Yesterday I was discussing how I didn't include any graphs on my Geometry final because I wanted it to double as a possible computerized test, and graphs are hard to draw on the computer. This is ironic because the very same day, Dan Meyer's post is all about drawing graphs on the computer:
Meyer begins by linking to a New York Times article that discusses the relationship between parental income and children's college attendance. Here is the article:
But Meyer's post has nothing to do with poverty or the achievement gap. Instead, he discusses how technology can be used to improve how math is taught. First of all, the New York Times article doesn't merely give the relationship. Instead, readers have to graph what they think the relationship is before they can proceed with the article.
Dan Meyer writes about why he likes the way this New York Times article can be made into a lesson:
You can always ask a student to move higher but it’s difficult to ask a student to move lower, forgetting what they’ve already seen. You can always ask for precisely plotted points of a model on a coordinate plane. But once you ask for them you can’t unask for them. You can’t then ask the question, “What might the model look like?” Because they’re looking at what the model looks like. So the Times asks you to sketch the relationship before showing you the precise graph.
That isn’t just their intuition about learning. It’s Lisa Kasmer’s research. And it won’t happen in a print textbook. We eventually need students to see the answer graph and whereas the Times webpage can progressively disclose the answer graph, putting up a wall until you commit to a sketch, a paper textbook lacks a mechanism for preventing you from moving ahead and seeing the answer.
This isn’t just great digital pedagogy, it’s great pedagogy. You can and should ask students to sketch relationships without any technology at all. But the digital sketch offers some incredible advantages over the same sketch in pencil.The lesson is the same but it is presented differently and responsively from student to student. I watched an adult experience this lesson yesterday, and while she read the personalized paragraph with interest, she only skimmed the later prefabricated paragraphs. It should go without saying that print textbooks are entirely prefabricated.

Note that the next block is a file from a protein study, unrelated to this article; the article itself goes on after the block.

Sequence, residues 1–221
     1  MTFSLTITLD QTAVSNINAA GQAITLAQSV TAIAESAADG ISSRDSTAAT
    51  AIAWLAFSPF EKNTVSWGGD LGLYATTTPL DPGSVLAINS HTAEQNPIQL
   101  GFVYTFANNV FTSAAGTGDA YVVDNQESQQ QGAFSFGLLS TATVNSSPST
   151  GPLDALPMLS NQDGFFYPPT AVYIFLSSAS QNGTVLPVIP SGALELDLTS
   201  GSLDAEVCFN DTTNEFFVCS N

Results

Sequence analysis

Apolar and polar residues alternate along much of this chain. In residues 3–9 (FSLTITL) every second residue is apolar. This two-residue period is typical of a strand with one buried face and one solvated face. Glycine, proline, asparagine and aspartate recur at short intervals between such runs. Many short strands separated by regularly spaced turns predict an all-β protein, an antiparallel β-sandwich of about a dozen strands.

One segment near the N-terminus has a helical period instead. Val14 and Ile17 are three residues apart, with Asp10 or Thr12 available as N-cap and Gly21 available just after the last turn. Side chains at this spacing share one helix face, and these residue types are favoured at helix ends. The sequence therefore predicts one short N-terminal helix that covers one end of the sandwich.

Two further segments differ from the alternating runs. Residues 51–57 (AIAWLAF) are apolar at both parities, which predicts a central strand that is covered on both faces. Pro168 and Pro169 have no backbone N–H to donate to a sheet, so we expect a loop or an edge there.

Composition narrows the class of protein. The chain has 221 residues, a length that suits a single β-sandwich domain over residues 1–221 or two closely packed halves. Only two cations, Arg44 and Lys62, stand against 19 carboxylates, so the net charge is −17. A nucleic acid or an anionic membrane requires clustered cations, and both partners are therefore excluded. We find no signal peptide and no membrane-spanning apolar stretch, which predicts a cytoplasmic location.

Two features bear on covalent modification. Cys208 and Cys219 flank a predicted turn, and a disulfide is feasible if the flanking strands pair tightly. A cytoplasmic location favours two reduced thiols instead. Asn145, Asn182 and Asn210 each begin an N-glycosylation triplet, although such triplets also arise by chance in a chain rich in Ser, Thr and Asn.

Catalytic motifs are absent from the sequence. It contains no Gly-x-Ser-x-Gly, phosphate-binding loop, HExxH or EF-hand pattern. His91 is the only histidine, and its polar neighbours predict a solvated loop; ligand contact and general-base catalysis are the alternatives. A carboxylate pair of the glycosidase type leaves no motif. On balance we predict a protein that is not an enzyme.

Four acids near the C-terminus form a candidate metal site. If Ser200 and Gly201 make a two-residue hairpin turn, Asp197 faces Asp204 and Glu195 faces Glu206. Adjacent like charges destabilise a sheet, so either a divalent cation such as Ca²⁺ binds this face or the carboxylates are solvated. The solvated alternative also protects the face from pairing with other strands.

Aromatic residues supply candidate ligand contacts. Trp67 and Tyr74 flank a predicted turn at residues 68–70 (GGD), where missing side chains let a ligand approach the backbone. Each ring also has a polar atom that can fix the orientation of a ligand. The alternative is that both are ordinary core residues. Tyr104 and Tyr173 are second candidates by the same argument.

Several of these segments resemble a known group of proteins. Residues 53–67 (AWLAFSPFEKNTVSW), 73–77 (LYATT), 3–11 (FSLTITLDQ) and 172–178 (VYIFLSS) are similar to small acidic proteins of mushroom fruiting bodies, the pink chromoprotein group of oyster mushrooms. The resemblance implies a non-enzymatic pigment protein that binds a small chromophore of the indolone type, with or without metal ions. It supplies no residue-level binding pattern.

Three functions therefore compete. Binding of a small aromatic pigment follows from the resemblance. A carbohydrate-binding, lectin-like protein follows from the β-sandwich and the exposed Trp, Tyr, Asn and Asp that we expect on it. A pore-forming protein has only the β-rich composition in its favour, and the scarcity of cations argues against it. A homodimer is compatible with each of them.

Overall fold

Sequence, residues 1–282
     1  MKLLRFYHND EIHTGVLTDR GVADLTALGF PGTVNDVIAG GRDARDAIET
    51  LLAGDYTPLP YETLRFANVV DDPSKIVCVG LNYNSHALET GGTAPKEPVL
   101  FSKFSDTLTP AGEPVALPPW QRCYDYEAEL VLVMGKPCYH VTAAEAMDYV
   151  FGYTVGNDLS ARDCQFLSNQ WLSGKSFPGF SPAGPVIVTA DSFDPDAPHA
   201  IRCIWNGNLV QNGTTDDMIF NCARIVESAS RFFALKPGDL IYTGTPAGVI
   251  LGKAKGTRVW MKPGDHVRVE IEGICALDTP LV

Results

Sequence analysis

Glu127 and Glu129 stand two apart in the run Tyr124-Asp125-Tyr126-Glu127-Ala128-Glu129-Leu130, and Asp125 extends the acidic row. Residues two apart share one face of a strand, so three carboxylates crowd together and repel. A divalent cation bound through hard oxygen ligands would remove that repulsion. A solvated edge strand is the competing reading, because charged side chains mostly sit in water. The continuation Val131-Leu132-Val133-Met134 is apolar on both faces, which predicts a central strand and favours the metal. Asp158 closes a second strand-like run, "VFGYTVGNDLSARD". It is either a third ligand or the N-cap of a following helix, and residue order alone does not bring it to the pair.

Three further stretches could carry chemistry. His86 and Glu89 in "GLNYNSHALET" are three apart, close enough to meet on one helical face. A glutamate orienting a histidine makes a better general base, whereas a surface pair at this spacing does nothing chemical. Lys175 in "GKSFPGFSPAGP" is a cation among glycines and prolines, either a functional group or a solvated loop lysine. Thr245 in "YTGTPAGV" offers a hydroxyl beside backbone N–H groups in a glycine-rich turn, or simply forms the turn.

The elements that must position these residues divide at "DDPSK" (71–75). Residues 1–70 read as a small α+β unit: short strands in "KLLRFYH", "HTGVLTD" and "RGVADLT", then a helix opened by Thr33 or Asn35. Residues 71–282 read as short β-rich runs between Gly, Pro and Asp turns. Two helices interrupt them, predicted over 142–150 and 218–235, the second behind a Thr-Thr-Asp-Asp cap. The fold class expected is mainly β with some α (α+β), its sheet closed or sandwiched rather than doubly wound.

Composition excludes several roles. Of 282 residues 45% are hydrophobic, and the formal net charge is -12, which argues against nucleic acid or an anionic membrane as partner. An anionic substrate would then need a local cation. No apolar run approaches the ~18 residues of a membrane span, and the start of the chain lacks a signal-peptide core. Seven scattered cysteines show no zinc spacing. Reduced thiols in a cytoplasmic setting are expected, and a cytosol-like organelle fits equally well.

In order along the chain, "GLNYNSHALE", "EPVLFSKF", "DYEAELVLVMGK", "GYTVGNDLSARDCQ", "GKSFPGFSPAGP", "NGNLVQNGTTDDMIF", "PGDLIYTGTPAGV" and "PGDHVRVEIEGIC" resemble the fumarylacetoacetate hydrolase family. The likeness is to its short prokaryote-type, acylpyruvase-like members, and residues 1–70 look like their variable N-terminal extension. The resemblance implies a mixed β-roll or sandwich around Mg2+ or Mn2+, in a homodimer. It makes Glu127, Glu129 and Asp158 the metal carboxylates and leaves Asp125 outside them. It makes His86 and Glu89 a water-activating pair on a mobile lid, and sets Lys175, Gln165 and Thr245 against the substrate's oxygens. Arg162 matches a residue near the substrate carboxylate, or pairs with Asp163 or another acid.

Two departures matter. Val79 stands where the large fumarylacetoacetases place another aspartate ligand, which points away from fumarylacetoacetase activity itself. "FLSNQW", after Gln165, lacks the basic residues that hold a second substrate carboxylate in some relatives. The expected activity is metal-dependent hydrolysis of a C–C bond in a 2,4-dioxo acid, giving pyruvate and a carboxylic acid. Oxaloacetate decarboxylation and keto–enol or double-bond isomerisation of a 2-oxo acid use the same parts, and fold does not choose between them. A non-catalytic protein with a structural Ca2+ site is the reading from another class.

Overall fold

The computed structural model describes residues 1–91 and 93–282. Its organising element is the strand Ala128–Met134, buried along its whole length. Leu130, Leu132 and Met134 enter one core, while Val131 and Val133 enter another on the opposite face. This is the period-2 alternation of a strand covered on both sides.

Since the relationship turns out to be linear, this lesson is geared more towards an Algebra I class than a Geometry class. But one of Meyer's commenters mentions how this can apply to Geometry:
right off the bat, multiple transformations with either
1 mapping rules or
2 dynamic geometry commands.
1 mapping rules or
2 dynamic geometry commands.
Is it in the correct quadrant? proximate in size? orientation?
So both Dan Meyer and the commenter Travis seem to think that having the students draw graphs on the computer is a good idea. Yesterday, I argued against graphing because I knew that many Common Core opponents don't like how students have to draw graphs on the computer.